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Russia Cashes In on Oil Supply Anxiety

Whatever the eventual outcome of the Arab world’s social upheaval, there is a clear economic winner so far: Vladimir V.Putin.

Russia, which pumps more oil than Saudi Arabia, is reaping a windfall from the steep rise in global energy prices resulting from instability in oil regions of the Middle East and North Africa.

Riding the high oil prices, the Russian ruble has risen faster against the dollar this year than any other currency, which is helpful because it will curb consumer inflation during an election year.

Russian stocks are buoyant, too: the Micex index closed last week at 1,781, up nearly 6 percent since the beginning of the year. (Monday was a holiday in Russia.)

But the Russians could not step in to offset any potential big drop in global production, because Russia does not have any oil wells standing idle that would allow it to increase production. Right now Russia is pumping oil at its top capacity.

But at last week’s closing of $114, the price of each of those barrels of Ural crude, the country’s main export blend, has risen 24 percent since the beginning of the year.

Last week, the prime minister, Mr.Putin, sat down for a meeting with Russia’s finance minister, Aleksei L.Kudrin, which was nationally televized on state news channels for the public’s enlightenment as the two discussed, just short of gloating, the benefits to Russia of a global oil panic.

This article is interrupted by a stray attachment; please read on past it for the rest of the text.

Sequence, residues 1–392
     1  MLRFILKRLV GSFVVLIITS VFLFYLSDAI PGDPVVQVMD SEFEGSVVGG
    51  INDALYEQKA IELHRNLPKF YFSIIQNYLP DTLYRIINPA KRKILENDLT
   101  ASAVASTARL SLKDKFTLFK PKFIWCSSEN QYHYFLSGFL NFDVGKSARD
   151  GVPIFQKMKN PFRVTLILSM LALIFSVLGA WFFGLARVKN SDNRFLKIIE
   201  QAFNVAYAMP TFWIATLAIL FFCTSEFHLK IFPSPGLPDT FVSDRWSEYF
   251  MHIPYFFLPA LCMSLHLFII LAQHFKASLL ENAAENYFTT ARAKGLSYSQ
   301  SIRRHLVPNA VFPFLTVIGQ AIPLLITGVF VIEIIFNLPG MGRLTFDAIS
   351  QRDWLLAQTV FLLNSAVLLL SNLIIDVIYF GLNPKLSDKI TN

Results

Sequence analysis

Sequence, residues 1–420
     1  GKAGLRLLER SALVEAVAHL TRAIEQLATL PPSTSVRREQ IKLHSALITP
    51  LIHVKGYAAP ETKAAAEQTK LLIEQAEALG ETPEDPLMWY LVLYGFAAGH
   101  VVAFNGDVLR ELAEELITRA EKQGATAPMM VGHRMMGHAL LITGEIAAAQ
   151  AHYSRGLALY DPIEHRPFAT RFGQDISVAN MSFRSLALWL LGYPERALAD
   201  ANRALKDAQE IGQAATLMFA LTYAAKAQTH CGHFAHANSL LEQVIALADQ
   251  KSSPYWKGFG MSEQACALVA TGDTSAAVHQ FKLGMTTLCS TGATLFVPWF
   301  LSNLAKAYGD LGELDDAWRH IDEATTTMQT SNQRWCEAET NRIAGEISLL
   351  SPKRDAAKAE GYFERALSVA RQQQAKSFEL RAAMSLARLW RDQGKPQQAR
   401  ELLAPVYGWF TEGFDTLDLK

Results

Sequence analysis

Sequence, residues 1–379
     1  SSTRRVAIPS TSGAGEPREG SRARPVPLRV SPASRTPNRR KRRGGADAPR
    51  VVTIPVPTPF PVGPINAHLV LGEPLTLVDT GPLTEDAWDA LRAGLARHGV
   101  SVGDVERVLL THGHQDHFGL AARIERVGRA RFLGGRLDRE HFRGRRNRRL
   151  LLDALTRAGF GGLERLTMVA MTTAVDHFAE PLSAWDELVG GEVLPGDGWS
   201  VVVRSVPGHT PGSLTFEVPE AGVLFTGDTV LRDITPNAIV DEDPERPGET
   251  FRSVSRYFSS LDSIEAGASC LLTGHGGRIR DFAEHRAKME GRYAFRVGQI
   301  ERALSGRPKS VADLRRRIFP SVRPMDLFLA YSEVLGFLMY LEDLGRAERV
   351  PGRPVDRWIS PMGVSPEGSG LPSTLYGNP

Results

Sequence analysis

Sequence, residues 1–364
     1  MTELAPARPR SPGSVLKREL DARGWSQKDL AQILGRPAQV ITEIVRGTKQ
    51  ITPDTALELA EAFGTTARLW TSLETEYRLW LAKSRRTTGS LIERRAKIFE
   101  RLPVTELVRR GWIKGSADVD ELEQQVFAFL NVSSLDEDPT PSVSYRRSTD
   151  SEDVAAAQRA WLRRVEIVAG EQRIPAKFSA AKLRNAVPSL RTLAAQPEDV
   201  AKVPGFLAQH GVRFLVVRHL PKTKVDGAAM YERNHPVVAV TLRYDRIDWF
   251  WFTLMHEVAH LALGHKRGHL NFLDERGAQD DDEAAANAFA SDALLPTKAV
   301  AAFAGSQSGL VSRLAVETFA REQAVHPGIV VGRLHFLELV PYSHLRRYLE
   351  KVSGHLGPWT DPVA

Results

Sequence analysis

“Mr.Kudrin, budget revenues have become considerable,” Mr.Putin said matter-of-factly.

Mr.Kudrin agreed, noting that if prices hold Russia will be able to resume contributions to its sovereign wealth funds for the first time since the summer of 2008, when the global recession began.

One of those sovereign investment vehicles, the Reserve Fund, could reach $50 billion by the end of the year, Mr.Kudrin reported.

Just a few months ago Russian officials planning the 2011 budget had anticipated the fund would be depleted.

“Good,” Mr.Putin responded to Mr.Kudrin’s account, nodding with satisfaction.

Russia, of course, does not have to look back farther than 2008 to see that a spike in the price of oil can be just that — followed by a dizzying drop. But for now, Russian energy is in favor.

Russia’s perceived stability was a reason the French energy giant Total cited last week in agreeing to buy about 12 percent of an independent natural gas producer in Russia, Novatek, and join a liquefied natural gas project in the Russian Arctic.